FIG. 8 is a schematic plan view showing the air and water control device;
FIG. 9 is a perspective view of the rasp similar to FIG. 3 showing a pair of nozzles.
FIG. 10 is a detailed view of a nozzle for the pollution reducing assembly using a single nozzle; and
FIG. 11 is a detailed view of a nozzle for the pollution reducing assembly using a pair of nozzles.
A typical tire buffing machine, generally designated 10, is shown in FIGS. 1 and 2 having a rasp 12 of conventional construction comprising a drum 14 which is rotated about a shaft 16 (FIG. 3) by a motor (not shown) and supported on a support frame 18. The drum 14 includes a plurality of blades 20 or the like extending outwardly beyond its outer surface 22.
A tire 24, which is to have its old worn tread material removed, is concentrically mounted on an expandable hub assembly 26 having a shaft 28 which is rotatably driven by a conventional continuous drive motor 30.
The expandable hub assembly 26 is pivotally mounted to a swing arm 32 which is guided by a template 34 for swinging the tire 24 into position for contacting blades 20 of the rasp 12. The shaft 28 is longitudinally expandable to move the hub assembly 26 transversely relative to the rasp 12 so that the buffing action is conducted across the full width or surface of the tire periphery.
As shown in more detail in FIGS. 3 and 4, the rasp 12 is partially enclosed by a shroud or cowl 36 and is connected to an exhaust system indicated generally at 38 which withdraws some of the smoke, dust, chips, tread particles and the like emitted from the action of the rasp 12 on the tire 24. However, much of the pollution emitted during the buffing process is able to escape into the atmosphere through the front opening 40 in the shroud 36. This pollution can create serious health and environmental problems. Therefore, to reduce these problems, a pollution reducing assembly 42 is mounted to the upper panel 44 of the shroud 36 by a mount 46.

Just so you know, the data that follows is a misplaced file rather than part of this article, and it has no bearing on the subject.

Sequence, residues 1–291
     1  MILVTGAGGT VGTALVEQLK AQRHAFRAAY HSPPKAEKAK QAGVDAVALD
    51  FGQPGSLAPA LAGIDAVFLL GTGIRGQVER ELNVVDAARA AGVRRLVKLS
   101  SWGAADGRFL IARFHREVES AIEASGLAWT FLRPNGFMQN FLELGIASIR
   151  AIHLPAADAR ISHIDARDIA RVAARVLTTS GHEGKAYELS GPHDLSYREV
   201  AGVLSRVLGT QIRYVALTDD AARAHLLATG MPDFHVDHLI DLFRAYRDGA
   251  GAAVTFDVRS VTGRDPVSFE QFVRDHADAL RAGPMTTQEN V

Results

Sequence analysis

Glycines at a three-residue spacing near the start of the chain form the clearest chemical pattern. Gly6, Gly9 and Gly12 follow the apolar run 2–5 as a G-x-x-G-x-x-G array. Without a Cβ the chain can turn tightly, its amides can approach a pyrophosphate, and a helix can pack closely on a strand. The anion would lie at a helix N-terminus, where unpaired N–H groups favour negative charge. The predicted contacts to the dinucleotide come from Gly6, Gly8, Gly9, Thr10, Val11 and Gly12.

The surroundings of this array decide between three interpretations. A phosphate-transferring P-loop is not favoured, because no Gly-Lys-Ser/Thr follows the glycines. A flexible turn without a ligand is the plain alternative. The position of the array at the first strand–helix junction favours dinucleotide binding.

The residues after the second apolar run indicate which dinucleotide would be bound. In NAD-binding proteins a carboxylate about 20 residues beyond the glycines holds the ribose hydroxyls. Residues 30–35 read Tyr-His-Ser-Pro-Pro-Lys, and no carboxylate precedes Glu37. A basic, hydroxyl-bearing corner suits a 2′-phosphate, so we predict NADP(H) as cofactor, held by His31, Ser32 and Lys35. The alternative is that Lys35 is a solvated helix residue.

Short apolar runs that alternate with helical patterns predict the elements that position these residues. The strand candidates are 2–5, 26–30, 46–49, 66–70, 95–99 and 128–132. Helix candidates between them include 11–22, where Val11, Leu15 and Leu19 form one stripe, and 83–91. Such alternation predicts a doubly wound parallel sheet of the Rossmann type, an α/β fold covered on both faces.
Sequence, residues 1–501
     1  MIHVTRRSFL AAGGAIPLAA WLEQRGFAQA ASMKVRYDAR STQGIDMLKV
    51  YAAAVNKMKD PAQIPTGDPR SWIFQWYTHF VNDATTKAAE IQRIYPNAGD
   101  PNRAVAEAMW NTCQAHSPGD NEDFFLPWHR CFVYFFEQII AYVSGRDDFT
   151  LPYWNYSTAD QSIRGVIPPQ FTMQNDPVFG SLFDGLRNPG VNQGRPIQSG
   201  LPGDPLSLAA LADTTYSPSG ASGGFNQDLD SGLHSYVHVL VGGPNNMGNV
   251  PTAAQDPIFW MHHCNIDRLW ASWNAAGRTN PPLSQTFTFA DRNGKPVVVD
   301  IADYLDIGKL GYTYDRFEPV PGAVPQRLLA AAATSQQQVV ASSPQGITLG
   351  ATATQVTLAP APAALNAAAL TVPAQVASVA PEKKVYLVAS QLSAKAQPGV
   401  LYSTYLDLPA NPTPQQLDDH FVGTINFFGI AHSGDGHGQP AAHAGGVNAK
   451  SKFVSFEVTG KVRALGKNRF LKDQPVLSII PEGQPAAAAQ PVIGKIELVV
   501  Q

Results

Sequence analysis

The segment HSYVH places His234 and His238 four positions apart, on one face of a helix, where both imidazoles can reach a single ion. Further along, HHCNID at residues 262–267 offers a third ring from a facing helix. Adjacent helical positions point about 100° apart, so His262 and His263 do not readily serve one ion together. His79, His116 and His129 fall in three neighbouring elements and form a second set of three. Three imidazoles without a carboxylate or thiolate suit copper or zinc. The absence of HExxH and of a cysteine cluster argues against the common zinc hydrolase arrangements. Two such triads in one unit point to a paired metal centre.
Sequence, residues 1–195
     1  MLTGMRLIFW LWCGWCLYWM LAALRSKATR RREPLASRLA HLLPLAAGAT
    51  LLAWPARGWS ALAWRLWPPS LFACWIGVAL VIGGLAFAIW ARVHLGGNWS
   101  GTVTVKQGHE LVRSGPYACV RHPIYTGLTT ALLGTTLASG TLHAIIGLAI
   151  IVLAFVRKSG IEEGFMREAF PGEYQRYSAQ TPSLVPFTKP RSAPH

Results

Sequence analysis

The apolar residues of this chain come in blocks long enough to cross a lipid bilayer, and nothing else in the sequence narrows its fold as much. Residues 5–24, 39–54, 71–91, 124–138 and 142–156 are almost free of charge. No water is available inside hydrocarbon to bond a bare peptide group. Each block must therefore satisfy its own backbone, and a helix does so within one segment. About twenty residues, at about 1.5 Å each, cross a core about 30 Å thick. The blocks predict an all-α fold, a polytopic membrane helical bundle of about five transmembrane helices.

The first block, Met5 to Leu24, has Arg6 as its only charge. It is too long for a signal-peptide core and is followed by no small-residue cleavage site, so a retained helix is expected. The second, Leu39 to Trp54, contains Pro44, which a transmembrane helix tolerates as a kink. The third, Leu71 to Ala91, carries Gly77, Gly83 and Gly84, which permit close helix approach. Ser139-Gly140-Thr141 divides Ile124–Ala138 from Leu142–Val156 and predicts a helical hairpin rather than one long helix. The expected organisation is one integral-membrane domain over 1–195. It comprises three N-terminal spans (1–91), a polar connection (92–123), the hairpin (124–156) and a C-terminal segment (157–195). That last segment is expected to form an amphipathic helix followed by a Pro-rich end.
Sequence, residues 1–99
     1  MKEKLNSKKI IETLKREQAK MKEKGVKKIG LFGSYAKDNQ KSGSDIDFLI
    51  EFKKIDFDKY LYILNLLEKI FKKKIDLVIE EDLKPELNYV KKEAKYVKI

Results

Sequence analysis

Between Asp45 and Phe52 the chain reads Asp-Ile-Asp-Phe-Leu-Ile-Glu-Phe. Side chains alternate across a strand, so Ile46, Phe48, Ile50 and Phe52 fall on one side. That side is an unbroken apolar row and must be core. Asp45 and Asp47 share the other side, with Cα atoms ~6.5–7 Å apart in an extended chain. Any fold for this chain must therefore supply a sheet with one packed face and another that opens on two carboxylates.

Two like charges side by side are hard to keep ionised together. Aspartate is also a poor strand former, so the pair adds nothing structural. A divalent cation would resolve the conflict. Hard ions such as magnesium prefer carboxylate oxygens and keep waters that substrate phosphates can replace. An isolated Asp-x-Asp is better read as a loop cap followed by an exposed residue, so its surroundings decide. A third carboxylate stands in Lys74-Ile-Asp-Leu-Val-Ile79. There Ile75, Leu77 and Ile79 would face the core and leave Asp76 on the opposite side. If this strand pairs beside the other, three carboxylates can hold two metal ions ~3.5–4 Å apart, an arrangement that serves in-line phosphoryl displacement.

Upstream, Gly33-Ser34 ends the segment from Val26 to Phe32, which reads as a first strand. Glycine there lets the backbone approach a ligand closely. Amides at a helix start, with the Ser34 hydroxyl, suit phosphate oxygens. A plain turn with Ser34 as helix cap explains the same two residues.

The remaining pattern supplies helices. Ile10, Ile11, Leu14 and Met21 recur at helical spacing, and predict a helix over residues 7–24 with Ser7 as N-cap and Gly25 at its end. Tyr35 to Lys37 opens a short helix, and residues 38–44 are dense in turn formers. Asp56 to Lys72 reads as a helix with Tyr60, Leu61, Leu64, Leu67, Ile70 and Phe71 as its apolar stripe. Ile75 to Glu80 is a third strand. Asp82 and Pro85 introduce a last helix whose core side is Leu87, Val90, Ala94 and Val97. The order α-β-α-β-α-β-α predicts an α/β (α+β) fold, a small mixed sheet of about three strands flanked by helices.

As shown in FIGS. 5, 6 and 7 the pollution reducing assembly 42 comprises a casing 48 formed from a stainless steel, aluminum, or other corrosion resistant material. The casing includes a generally flat surface 50, an inner longitudinally extending air plenum 52, and an inner water passage 54 (shown in phantom) each having at least one threaded inlet end 55 for attaching a connector 57. An inner plate 56 formed from 0.002-0.004 inch brass shim stock or the like extends longitudinally along the flat surface 50, leaving the air plenum 52 exposed, to properly space a cover plate 58 from the flat surface 50 and to form a longitudinally extending slot 60 along the front forward edge 62 of the casing 48. The cover plate 58 and the inner plate 56 are attached to the casing 48 by a plurality of bolts 64 allowing easy removal of the plate 58.
The front forward edge 62 of casing 48 is machine rounded to about a 3/16 inch radius and cooperates with the longitudinally extending slot 60 to form an air nozzle to direct a narrow air stream curtain as represented by arrows 66, from the slot 60 along an unducted path, and across the cutting width of the rasp 12 and onto the blades 20 immediately ahead of the grinding area 70 on the tire 12. The air stream curtain functions as an air wall or curtain to contain dust or other small tread particles produced during buffing within the interior of the shroud 36 thereby preventing them from escaping into the atmosphere. It should be noted that the slot width w (FIG. 6) can be varied to attain the proper air flow rate and velocity by removing the cover plate 58 and replacing the inner plate 56 with a larger or smaller gauge inner plate 56.